As the traffic crept forward, I saw that it had stopped because a man with a big smile and a dog on the leash was walking northbound in the middle lane of the freeway.  I think that, maybe, the man’s car had broken down on the side of the road and that a friend, sitting in that same middle lane was a big white truck that seemed to be waiting for him.  All I could think was “What a peculiar way to rescue a friend who’s broken down on the freeway.”

After that, things seemed to go well for a little while. This was my first time seeing the new $31 million movable barrier on the Golden Gate Bridge. It’s really, really ugly. I certainly hope that it’s worth the money and aesthetic loss. It seems like a fairly big sacrifice when there have been fewer than 20 head-on fatalities on the bridge in the last 40 years.

Once in the City, my plan was to park at the affordable Portsmouth Square Garage in Chinatown and then use Uber to get to the restaurant, which is located at the base of Market Street, an area with very expensive parking. One block away from the garage, though, I again found myself in completely stopped traffic. Inching forward, I discovered that, in the middle of the Clay and Kearny intersection (a fairly busy one for those who know the City), a woman was singing and dancing, with occasional pauses to throw things out of her basket onto the street and then pick them up again. Even for San Francisco, it was unusual behavior.

The people in the garage were very helpful, so I made it out of there quickly, snatched up my iPhone, turned on my Uber app — and got a message saying my app was out of date and unusable, so would I please download the new app. Do you know how long it takes to download an app without Wifi? It takes 12 minutes, which is how long it took me to walk very quickly from the Portsmouth Square garage, to a restaurant near the Embarcadero.

By the end of the drive, I felt discombobulated, and I’ve felt discombobulated ever since. I somehow got knocked off my stride or, for another metaphor, my flywheel got a hitch in it. Whatever. I just can’t seem to get myself back on track today.  I’ve still got some legal work to do before I can get to bed (my afternoon was piddled  away caring for family members), and I think I just need to reboot.  Tomorrow promises to be a bit more normal.

Crowd-sourcing help wanted, please

Henry VIII's suit of armorI assume you are all familiar with the news story about the U.S. Army’s decision to apologize for and delete a tweet with the phrase “chinks in armor,” one that refers to the vulnerable points in old-fashioned metal armor, but that is now deemed racist because of the word “chink.”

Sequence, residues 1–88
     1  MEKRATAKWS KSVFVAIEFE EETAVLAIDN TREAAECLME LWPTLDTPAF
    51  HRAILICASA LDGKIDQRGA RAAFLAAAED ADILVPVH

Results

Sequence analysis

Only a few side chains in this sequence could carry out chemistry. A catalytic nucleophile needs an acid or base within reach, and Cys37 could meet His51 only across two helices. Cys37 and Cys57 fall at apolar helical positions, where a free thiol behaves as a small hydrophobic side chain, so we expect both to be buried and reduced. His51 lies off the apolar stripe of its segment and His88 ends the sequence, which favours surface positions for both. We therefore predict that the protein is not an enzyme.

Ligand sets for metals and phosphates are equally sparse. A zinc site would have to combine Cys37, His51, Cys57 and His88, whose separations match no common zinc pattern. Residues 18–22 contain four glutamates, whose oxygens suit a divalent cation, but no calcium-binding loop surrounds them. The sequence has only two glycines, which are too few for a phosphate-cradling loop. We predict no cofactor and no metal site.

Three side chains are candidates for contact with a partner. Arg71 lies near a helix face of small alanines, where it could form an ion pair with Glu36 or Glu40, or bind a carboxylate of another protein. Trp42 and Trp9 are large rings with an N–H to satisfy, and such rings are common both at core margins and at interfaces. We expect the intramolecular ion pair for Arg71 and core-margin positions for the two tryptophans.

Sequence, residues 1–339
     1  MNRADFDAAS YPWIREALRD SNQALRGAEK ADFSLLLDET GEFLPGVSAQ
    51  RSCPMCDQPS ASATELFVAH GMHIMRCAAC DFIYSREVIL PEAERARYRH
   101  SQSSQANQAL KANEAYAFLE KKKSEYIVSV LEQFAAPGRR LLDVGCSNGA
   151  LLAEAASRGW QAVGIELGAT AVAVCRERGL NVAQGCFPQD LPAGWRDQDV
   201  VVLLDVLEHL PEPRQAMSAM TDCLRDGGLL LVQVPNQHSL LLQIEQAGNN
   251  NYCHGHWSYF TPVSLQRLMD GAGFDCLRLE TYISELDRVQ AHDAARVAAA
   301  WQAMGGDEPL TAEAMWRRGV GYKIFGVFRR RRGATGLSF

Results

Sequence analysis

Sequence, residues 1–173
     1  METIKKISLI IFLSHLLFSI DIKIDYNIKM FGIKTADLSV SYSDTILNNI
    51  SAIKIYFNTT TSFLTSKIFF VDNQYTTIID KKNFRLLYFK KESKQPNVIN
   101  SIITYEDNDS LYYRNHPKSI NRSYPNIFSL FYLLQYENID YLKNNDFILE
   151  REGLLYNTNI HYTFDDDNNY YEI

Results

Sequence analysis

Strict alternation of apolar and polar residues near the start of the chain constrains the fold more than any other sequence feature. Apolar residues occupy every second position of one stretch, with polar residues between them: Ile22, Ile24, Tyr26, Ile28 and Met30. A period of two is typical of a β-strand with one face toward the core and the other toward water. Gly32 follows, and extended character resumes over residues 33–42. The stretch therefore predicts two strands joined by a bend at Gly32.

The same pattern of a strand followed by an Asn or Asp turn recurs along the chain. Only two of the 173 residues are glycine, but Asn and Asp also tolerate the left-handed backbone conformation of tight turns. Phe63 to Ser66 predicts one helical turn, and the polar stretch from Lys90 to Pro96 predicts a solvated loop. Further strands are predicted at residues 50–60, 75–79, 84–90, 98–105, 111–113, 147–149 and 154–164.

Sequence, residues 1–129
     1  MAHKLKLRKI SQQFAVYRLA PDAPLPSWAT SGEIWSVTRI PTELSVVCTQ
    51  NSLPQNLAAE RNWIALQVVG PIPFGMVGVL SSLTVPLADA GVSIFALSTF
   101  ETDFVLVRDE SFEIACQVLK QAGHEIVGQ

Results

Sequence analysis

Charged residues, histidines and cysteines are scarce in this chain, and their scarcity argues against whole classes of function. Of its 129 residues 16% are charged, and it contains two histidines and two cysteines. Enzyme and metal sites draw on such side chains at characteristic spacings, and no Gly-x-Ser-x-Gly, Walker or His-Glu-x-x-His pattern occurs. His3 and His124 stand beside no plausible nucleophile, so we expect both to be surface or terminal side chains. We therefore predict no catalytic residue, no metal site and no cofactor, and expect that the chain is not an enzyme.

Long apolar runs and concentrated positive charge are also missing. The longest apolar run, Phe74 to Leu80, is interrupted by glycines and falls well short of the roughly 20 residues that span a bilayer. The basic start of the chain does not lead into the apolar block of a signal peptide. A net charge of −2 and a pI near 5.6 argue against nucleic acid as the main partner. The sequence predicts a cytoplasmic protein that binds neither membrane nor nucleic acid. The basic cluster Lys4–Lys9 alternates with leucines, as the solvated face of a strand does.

That story reminded me of the time my father got taken to task for using the word “niggardly.” It means “stingy,” and goes back in time to the mid-16th century. It has nothing to do with the insulting American term for a black person. Nevertheless, people don’t use the word anymore because they can be assured that someone will take offense at the fact that the word sounds sort of like an insult.

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#SuperBowl: The winning team is classy, supports America, and supports Israel; the losing team — let’s just say NOT

Tom-Brady-Bill-BelichickI was rooting for the Patriots to win, not because I cared about the Patriots, but because I truly dislike the Seahawks. Russell Wilson is a hugely talented quarterback, but overall I think the team is a classless act, something the players demonstrated perfectly when they elected to start a fistfight in the last seconds of the game, after it was clear that they were losing. Whenever Seahawks players have a choice between sportsmanship and boorishness, they choose the latter. Small surprise that, by a factor of two to win, they lead the league in penalties.

My already-in-place dislike for the Seahawks escalated when I learned this afternoon that their coach, Pete Carroll, a Marin native, is an icon to 9/11 Truthers. He’s never come out explicitly and said he’s a Truther, but he’s professed the type of bewilderment about 9/11’s events that only comes from Truthers’ mouths:

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[VIDEO] Anthony Esolen gives the Medieval Era its due

When I worked at the Bancroft Library at Berkeley, one of my great pleasures was to head to the basement stacks and look at the illuminated manuscripts kept down there. That may explain why I always see the Middle Ages in blazing, gilt-edged color, whereas when I think of the 1920s and 1930s in America I see a rather dark, black-and-white world. Perhaps that’s part of the reason I’ve never underestimated the Middle Ages.

The other reason is my passion of medieval church architecture. After all, how primitive can an era be when it’s capable of the magnificence of St. Chapelle in Paris, which is unequaled by anything else I’ve ever seen:



Prager University has produced a short video explaining that the Dark Ages weren’t dark at all. What the video doesn’t say, but I’ll pass along here is that part of why we look back upon them is because Western history was written by Protestants, who had a vested interest in making the Catholic Church look more repressive than it actually was.